Oil content of corn distillers dried grains with solubles (DDGS) doesn’t affect growth performance and carcass traits of grow-finish pigs if the sources have similar metabolizable energy (ME) content. But reducing the oil content of DDGS improves pork fat quality.
The best ME prediction equations developed so far work well when applied to DDGS sources that contain more than six percent oil. But they overestimate ME content of DDGS sources with less than six percent oil.
What is DDGS?
Corn distillers dried grains with solubles (DDGS) is a major co-product of ethanol production. DDGS has been widely used for several years as an important energy and protein source in swine diets. About 35 million metric tons of DDGS are produced yearly in the United States. The swine industry uses more than 12 percent of this amount.
Oil content impacts DDGS value
Most ethanol producers have been removing corn oil before producing DDGS. Thus, traditional high-oil (greater than 10 percent oil) DDGS has been largely replaced by medium-oil (about seven to eight percent oil) DDGS. Some ethanol plants are even producing a low-oil (less than five percent oil) DDGS.
Feeding value and price
For over 15 years the University of Minnesota has studied feeding applications and nutritional value of DDGS for swine. Studies show that removing oil during DDGS production increases changes in energy and nutrient content, and thus the feeding value of DDGS. As a result, there’s a large gap between price and value for DDGS in swine diets.
- Oil and protein content influence DDGS price.
- Metabolizable energy (ME) and digestible amino acid content influence feeding value of DDGS.
University of Minnesota research shows that oil content in DDGS poorly predicts ME content, which adds to the gap between DDGS price and value.
High oil DDGS causes softer pork fat
One of the biggest challenges of using traditional high-oil (greater than 10 percent) DDGS in grow-finish pigs diets is that the corn oil is high in polyunsaturated fatty acids. These fatty acids cause pork fat (especially bellies for bacon) to become softer and more “oily.” This can lead to:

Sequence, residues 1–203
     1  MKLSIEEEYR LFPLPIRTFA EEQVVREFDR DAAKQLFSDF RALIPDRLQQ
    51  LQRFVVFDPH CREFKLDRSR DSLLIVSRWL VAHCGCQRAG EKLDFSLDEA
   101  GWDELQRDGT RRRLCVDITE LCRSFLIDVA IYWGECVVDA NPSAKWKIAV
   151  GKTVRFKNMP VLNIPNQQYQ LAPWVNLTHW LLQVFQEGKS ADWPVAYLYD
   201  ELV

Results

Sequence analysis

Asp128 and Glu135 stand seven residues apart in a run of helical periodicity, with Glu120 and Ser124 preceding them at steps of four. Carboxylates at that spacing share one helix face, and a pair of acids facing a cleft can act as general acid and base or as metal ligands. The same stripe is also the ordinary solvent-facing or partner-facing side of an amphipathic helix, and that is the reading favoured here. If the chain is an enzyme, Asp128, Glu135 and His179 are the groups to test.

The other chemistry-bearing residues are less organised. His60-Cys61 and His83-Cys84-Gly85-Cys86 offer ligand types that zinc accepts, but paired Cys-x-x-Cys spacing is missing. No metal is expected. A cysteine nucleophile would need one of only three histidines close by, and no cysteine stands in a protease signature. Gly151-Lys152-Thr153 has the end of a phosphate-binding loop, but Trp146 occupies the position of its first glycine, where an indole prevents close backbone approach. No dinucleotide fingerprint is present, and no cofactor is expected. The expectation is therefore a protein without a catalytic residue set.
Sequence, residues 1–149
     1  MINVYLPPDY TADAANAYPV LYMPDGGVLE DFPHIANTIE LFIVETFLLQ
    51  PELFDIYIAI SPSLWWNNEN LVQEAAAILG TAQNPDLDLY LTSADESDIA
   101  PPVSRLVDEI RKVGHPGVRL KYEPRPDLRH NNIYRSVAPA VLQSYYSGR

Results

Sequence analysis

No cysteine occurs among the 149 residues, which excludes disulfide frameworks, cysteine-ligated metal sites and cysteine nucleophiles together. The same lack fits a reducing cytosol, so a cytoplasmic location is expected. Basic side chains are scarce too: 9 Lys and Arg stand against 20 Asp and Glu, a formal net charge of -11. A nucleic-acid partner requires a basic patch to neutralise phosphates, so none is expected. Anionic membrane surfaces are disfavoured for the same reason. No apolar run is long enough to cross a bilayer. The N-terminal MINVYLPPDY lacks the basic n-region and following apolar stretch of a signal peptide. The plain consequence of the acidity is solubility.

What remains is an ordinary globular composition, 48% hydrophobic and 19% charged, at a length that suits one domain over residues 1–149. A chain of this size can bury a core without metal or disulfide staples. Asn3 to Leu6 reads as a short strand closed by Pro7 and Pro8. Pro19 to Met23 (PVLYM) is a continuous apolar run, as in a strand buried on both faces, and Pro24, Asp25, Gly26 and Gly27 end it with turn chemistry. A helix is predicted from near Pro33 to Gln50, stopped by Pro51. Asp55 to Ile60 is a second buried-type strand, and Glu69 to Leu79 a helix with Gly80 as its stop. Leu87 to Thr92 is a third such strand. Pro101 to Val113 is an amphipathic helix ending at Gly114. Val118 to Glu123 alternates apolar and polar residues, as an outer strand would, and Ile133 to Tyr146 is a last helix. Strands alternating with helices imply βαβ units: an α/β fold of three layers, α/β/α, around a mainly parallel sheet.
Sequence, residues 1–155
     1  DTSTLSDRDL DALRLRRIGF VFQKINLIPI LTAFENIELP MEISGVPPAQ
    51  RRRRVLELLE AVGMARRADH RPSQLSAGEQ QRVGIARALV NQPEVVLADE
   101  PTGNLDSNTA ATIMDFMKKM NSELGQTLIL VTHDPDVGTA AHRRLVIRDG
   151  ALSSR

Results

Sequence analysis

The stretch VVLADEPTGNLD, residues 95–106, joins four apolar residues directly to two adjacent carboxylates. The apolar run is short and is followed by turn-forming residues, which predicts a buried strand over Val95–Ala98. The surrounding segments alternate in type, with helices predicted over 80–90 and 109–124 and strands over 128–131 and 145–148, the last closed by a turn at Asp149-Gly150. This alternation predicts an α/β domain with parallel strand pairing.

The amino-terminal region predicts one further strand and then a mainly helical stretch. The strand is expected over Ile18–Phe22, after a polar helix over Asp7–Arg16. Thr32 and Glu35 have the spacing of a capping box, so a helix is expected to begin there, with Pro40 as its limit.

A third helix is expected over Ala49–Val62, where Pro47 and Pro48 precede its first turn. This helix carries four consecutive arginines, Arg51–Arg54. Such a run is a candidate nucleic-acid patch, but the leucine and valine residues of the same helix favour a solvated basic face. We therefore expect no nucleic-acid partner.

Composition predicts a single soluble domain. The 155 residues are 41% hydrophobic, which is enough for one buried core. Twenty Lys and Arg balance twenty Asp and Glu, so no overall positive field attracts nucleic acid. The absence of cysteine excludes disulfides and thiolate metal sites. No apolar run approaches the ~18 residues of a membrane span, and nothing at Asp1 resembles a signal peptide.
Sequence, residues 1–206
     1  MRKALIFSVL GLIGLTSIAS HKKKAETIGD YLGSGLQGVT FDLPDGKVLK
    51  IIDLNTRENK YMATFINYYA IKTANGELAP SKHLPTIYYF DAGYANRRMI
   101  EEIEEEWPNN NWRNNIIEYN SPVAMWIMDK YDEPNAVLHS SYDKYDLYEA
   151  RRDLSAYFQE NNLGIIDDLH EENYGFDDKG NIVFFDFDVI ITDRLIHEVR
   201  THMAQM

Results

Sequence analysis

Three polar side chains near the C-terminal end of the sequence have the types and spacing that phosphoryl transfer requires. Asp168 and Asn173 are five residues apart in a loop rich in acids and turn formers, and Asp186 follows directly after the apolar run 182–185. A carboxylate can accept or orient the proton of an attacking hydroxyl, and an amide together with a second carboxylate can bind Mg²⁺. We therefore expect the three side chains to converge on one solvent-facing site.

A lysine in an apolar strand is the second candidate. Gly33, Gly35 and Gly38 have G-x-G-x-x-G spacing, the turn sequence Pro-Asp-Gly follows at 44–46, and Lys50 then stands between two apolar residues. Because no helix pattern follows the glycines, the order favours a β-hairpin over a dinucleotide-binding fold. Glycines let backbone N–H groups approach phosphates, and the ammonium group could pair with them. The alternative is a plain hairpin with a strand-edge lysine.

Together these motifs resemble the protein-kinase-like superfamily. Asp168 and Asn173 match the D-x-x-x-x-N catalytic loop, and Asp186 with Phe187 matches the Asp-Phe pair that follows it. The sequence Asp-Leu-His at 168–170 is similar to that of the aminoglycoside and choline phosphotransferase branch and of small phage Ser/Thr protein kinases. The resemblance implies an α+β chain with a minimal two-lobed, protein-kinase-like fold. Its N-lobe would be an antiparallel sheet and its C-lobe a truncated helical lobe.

- Challenges in further processing of pork products
- A less attractive appearance
- Potentially reduced shelf life
A University of Minnesota study looked at pork fat quality from carcasses of pigs fed DDGS diets with six, 10 and 14 percent oil content. Feeding the six percent and 10 percent oil DDGS diets improved pork fat firmness, including belly fat, compared to carcasses from pigs fed 14 percent oil DDGS. These results suggest that oil extraction in DDGS decreases the negative impact of feeding DDGS on pork fat quality.
Predicting metabolizable energy content of DDGS
University of Minnesota research shows that the most accurate and precise published metabolizable energy (ME) prediction equations are:
Digestible energy = -2,161 + (1.39 × gross energy) – (20.7 × neutral detergent fiber) – (49.3 × ether extract)
ME = -261 + (1.05 × digestible energy) – (7.89 × crude protein) + (2.47 × neutral detergent fiber) – (4.99 × ether extract)
Testing ME predicting equations
The University of Minnesota tested the accuracy of these equations under practical commercial production conditions. Researchers evaluated the effects of feeding DDGS sources differing in oil content (six, 10, or 14 percent oil) to grow-finish pigs.
Pigs fed the six percent oil DDGS diets had slightly reduced gain efficiency. This suggests that the ME prediction equations do a good job estimating ME content of DDGS source with greater than six percent oil. But the equations slightly overestimate ME content of DDGS sources containing less than six percent oil.
Pigs fed diets with different DDGS sources had the same:
- Growth rate
- Average daily feed intake
- Final body weight
Pigs fed diets with different DDGS sources had similar carcass characteristics.
- Hot carcass weight
- Dressing percentage
- Backfat depth
- Loin muscle area
- Percentage of carcass lean